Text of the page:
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How long should you wait before swimming after storms and floods?

GP’s have been reporting a large number of patients who have copped an infection from braving the ocean after the recent floods.

There’s a high chance you’ve headed to the beach after a solid week of rain and laid eyes on the murky, foaming concoction that the ocean has become.

There’s always a laid-back, leathery local who will tell you “Nah mate, she’ll be right,” but then that same local will also experience violent gastro for the next five days. So how long do you have to wait before it’s safe to swim?

Plane passengers took photographs of flood water meeting clean ocean near the Gold Coast | Credit: Sam Hennigan

Well, put it this way. If you jump in the water too soon, you’re practically swimming in diluted sewerage. So you have to give the ocean time to disperse the pollution until you’re able to swim without leaving the beach with diarrhoea and bacterial infections in every orifice.

Depending on the amount of rainfall and bunch of other factors, it can take weeks for the ocean to be safe to swim in.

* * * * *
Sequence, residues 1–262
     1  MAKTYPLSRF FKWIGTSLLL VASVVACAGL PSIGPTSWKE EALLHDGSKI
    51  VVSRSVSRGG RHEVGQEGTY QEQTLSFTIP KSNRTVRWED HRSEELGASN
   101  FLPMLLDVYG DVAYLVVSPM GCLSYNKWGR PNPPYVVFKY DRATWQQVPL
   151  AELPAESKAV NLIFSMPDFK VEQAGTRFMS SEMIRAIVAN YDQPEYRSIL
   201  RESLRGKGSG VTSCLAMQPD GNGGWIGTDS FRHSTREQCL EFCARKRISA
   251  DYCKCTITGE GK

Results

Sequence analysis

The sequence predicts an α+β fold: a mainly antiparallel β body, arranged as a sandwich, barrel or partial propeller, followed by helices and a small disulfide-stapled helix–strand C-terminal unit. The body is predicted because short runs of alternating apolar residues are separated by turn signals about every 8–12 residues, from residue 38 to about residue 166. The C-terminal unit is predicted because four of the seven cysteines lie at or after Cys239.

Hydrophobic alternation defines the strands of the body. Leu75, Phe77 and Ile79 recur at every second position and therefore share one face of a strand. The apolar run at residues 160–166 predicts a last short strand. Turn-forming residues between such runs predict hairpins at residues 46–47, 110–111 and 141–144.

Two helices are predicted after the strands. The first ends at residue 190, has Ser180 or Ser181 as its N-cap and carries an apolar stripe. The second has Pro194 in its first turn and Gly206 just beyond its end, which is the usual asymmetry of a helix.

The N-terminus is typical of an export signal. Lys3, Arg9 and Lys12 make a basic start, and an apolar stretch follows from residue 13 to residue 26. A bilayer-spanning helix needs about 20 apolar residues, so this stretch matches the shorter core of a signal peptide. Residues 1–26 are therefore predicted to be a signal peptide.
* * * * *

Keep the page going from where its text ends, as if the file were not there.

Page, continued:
“Pollution is affected by tide, swell, wind and onshore drifts and how these factors interact can be highly variable, even within the day,” Ballina Shire Council environmental officer, Tom McAully Rix told the ABC.

So how can you tell if it’s safe? If the beach is closed, obviously give swimming a miss. But if your local is a smaller, unpatrolled beach, first and foremost, use your own judgement. If the water is brown and bubbling with foam, maybe go home and run a bath instead.

But there are also resources you can use to check water quality, the most reliable being Beachwatch, a government resource that tests for water pollution.

Either way, if your insides start to burn as soon as you enter the water, it’s probably a good idea to gtfo.